It's flu season, the time when every doctor, pharmacy, hospital, urgent care clinic and insurance company bombards the public with fearful messages about the urgent need to be vaccinated against the flu.
Bright colored signs saying "Get your flu shot here!" and "Have you received your flu shot yet?" are plastered all over tree trunks and poles. They're staked into the ground along intersections. But are these messages really on point?
According to a report released last month from the Center for Infectious Disease Research and Policy (CIDRP) at the University of Minnesota, the flu vaccine only provides modest protection for healthy young and middle-age adults. And it offers little, if any, protection for the group of people aged 65 or older who are most likely to be negatively affected by the illness or its complications.
Other studies, including an American Lung Association report released in 2010, couldn't find a sustained drop in flu-related deaths over the past decades, despite an increase in vaccination rates.
But perhaps more importantly, the CIDRP researchers determined that federal flu vaccination recommendations--which have expanded throughout the last few years, with U.S. public health officials calling for 80 percent of the population to receive annual flu shots by 2020--are based on inadequate evidence and poorly executed studies.
"We have overpromoted and overhyped this vaccine," Michael Osterholm, director of the CIDRP, told The New York Times' Well blog. "It does not protect as promoted. It's all a sales job: it's all public relations."
But who is this Osterholm, you ask? He served as the bioterrorism and public health preparedness adviser to Tommy Thompson, a past Secretary of the U.S. Department of Health & Human Services. He also worked on the interim management team during a transition period at the Centers for Disease Control and Prevention. In other words, in addition to his public health background, Osterholm is a government insider who used to buy, and promote, the flu vaccine Kool-Aid.
"I'm an insider," Dr. Osterholm said. "Until we started this project, I was one of the people out there heavily promoting influenza vaccine use. It was only with this study that I looked and said, 'What are we doing?' "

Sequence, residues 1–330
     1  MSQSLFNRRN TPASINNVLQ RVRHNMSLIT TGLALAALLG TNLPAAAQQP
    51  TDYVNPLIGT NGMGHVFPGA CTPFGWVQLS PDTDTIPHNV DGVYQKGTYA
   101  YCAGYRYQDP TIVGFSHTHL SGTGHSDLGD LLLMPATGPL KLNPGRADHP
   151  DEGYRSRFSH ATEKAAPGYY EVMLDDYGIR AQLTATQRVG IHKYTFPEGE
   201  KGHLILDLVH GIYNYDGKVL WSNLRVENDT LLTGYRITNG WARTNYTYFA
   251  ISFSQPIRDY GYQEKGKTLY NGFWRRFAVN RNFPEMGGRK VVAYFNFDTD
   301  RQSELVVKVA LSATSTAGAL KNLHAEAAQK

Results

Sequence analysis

Well, doesn't that make you at least stop and wonder what we're doing as a nation, possibly vaccinating millions of people unnecessarily?
I'm all for public health initiatives--but they must be based on sound evidence and clinical research, not faulty guidance from the federal government.
It's this flawed advice that leads so many health insurers to advocate for their members to get the flu shot. Aetna, for example, maintains a web page dedicated to helping its members protect themselves from the flu. WellPoint issued a press statement last week urging its older members to get the flu vaccine. And UnitedHealth's flu shot program provides multiple options for members to be vaccinated.
I'm not saying health insurers should stop covering the flu shot altogether. I'm also not suggesting they stop warning members about the dangers of the flu, because like any other illness, there are, of course, many health risks that could arise. What I am proposing is that they simply back off their flu message.
The time and energy health insurers invest in promoting flu vaccines could be better dedicated to other projects, for example, encouraging members to join their wellness programs, educating members about healthcare costs or forming accountable care organizations with providers.
These are initiatives that have been proven successful at improving quality care and reducing costs--much worthier goals, in my opinion at least, than selling a potentially overhyped, possibly ineffective at best and dangerous at worst flu vaccine program. - Dina (@HealthPayer)